“This truth I tell to our American friends, and I put the brakes on the attempt to coerce us to a reality that would endanger the state of Israel,” he said.

The comment prompted an immediate rebuke from the White House. Kirby said that President Joe Biden would “not stop working” toward a two-state solution.

Before October 7, Israeli society was bitterly divided over Netanyahu’s plan for a judicial overhaul. Since the attack, the country has rallied behind the war. But divisions have once again begun to surface over Netanyahu’s handling of the war.

Families of the hostages and their many supporters have called for a new cease-fire that could bring them home. Hamas released over 100 hostages in exchange for Palestinian prisoners during a weeklong cease-fire in November.

Dozens of people attended a somber gathering in Tel Aviv in solidarity with the family of Kfir Bibas, the youngest Israeli hostage, marking his first birthday. The red-haired infant and his 4-year-old brother Ariel were taken hostage along with their mother, Shiri, and their father, Yarden. All four remain in captivity.

Commentators have begun to question whether Netanyahu’s objectives are realistic, given the slow pace of the offensive and growing international criticism, including genocide accusations at the United Nations World Court.

Hamas has continued to fight back across Gaza, even in the most devastated areas, and launch rockets into Israel. It said it would not release any more hostages until there is a permanent cease-fire, something Israel and the United States, its top ally, have ruled out.

Hundreds of thousands of Palestinians have heeded Israeli evacuation orders and packed into southern Gaza, where shelters run by the United Nations are overflowing and massive tent camps have gone up.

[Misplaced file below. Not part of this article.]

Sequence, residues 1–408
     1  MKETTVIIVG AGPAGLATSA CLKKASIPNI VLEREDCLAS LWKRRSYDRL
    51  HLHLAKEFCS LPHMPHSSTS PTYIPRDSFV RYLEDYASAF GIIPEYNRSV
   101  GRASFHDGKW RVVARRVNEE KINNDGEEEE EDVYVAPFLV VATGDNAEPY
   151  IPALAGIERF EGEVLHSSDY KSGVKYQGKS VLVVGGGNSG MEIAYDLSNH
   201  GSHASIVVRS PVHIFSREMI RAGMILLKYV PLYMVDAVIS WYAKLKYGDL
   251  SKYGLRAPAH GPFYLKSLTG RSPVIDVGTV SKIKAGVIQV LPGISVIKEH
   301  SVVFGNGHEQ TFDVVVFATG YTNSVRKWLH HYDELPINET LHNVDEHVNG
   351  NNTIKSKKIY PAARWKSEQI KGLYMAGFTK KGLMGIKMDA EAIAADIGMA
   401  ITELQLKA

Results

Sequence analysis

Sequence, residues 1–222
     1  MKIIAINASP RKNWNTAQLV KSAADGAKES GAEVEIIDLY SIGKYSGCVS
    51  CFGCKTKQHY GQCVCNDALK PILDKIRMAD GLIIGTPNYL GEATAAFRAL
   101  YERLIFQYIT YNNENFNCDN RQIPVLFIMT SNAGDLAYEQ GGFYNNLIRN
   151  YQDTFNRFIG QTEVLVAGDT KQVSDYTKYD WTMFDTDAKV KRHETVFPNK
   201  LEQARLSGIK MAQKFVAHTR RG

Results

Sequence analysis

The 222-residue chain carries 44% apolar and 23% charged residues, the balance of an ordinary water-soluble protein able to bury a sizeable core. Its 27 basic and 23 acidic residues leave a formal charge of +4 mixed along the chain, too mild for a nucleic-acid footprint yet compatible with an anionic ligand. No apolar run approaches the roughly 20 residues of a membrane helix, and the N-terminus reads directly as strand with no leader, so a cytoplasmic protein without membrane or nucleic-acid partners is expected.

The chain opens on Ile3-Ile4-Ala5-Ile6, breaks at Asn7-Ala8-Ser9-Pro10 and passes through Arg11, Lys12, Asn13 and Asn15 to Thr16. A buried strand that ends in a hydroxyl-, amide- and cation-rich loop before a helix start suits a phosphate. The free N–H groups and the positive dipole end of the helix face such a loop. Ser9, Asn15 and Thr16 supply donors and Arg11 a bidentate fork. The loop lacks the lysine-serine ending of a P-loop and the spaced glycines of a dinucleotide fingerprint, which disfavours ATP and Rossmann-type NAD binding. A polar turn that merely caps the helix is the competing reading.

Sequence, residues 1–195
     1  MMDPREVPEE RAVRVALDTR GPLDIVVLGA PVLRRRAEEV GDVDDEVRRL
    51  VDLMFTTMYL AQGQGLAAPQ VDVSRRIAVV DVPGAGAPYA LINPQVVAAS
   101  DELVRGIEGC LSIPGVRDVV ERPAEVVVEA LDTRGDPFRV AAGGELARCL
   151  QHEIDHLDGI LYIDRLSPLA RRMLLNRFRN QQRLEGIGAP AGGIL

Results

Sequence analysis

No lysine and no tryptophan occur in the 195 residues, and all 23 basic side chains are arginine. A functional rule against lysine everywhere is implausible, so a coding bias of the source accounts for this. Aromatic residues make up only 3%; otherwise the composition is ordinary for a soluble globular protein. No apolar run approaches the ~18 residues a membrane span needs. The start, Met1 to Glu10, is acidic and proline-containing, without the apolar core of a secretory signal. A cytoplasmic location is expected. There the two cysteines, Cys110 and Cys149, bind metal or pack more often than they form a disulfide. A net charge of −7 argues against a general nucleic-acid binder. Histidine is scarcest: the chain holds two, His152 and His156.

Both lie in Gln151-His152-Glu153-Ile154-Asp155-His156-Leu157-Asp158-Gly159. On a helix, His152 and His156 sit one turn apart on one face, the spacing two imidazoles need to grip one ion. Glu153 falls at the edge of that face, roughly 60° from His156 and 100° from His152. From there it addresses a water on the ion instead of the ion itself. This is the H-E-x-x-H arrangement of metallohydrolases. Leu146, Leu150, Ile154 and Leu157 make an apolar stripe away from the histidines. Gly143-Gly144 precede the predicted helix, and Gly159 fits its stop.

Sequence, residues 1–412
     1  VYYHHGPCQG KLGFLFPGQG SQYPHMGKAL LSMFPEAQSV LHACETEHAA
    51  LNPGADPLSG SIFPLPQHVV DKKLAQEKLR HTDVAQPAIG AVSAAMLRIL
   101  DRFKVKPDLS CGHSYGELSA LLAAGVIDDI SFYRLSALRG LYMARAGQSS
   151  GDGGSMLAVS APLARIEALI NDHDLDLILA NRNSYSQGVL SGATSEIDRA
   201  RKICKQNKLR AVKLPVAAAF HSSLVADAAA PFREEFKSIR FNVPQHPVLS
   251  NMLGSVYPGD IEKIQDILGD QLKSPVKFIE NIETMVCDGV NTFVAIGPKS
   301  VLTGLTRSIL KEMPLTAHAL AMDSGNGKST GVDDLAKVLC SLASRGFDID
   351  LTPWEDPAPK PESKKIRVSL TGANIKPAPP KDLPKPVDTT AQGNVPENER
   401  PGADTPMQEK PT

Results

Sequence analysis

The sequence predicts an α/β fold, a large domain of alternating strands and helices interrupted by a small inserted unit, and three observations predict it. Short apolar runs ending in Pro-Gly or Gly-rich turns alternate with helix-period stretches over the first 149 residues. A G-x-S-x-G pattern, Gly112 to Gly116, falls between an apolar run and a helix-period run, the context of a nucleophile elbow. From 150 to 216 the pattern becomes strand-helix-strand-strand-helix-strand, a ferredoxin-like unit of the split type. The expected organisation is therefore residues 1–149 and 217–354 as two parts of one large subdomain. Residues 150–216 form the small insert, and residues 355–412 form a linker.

Israel has continued to strike what it claims are militant targets in all parts of Gaza, without proof, often killing women and children. Israel insists its forces have killed roughly 9,000 militants, without providing evidence.

Medics said an Israeli airstrike on a home killed 16 people, half of them children, in the southern Gaza town of Rafah on January 18. The number of Palestinian dead soared past 25,000 on January 21.

On the same day, Israel announced the death of another hostage but did not provide details. On December 18, Israeli snipers killed three hostages who managed to escape after 65 days – shooting the half-naked men calling out for help in Hebrew.

As the war drags on, its impact continues to ripple across the Middle East, with Iranian-backed groups attacking U.S. and Israeli targets. Low-intensity fighting between Israel and Hezbollah militants in Lebanon threatens to erupt into all-out war, and Houthi rebels in Yemen have not stopped targeting international shipping despite United States-led airstrikes.

MI Staff, with Josef Federman, Najib Jobain, Jack Jeffery, and Tia Goldenberg


Oded Balilty (AP), Fatima Shbair (AP), Ohad Zwigenberg (AP), and Adel Hana (AP)